Professionals who work 80 or 90 hours a week may feel they have earned a weekend of binge drinking and sex. They tell themselves they are not workaholics, because they can take time off to "relax." Similarly, some individuals who work excessive hours take vacations only to pack every minute with activities: scuba diving all day; a volleyball tournament before dinner; an expensive meal; and clubbing with alcohol, drugs, and sex until 3 a.m. - only to start the cycle over the next morning."I don't have a work addiction. I can relax and take time off," they tell themselves. What they don't realize is that they are addicted to intensity. They look for the high or emotional escape that allows them to avoid uncomfortable feelings.

All addicts are "shame-based," meaning they were given negative messages about themselves. A child can experience abuse that is overt (recognizable abuse that can be verbal, physical, or sexual) or covert (in which the child is not typically aware of the subconscious messages). Covert abuse is typically couched in the expectations that parents have for their children. "If I am a good athlete, my parents will be proud." "If I am homecoming queen, I will be popular."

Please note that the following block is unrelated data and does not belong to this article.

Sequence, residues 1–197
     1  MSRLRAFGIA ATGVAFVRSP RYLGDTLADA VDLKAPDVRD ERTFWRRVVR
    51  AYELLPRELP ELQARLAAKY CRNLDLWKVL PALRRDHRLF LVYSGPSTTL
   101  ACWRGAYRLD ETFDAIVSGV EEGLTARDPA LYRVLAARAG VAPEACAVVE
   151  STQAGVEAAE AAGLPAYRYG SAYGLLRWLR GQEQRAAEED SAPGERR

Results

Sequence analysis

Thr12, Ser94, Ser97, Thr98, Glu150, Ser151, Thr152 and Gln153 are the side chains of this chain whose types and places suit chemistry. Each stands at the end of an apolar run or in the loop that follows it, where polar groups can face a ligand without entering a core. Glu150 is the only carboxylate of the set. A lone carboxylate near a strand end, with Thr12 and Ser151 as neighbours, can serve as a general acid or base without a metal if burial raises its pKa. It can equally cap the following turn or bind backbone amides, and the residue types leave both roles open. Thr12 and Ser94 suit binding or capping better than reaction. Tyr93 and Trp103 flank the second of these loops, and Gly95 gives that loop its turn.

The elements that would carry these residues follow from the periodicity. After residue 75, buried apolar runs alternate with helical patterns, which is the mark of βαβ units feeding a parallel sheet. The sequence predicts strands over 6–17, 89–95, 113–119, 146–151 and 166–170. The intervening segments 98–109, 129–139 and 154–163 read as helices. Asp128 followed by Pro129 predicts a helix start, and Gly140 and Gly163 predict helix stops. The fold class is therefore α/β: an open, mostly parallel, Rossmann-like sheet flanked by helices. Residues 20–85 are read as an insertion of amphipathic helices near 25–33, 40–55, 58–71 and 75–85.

These children believe they must perform in order to have value. Such intensely goal-oriented thinking teaches - and ultimately allows the children to avoid - feelings of shame. This is when patterns of addiction begin.

This need for external gratification sets up the children to have low internal esteem. They feel they are not enough; they are worthless and unlovable... unless they produce. Winning trophies and awards will bring attention and a sense of value. Before they are aware of it, these people establish patterns that allow emotional escape.

After cheating on his wife, the sex addict feels no guilt or remorse about his betrayals, but stops at the local pizza parlor and eats a whole pie. Still numb, he spends several hours gaming on the computer - yet another way to avoid the emotions that lie below the surface.  His patterns satiate his pain and shame.

Food addicts may gain weight so they don't have to be sexual. "I don't need sex," they tell themselves. "I am strong and independent."

The after-work drink with coworkers may turn into a one-night stand. "I wouldn't have done it if I hadn't been drunk."

In treatment, individuals look at the interactive patterns in their lives, the seamless processes they unconsciously devise in order to survive painful feelings. The healing process often overwhelms the individual, because the addict often believes his or her own lies: "I don't really have problem with..." In reality, they have spent a lifetime jumping from one addictive behavior to the next on a roller coaster; the costly consequences can impact their livelihood, relationships, health, and finances - and can even bring death.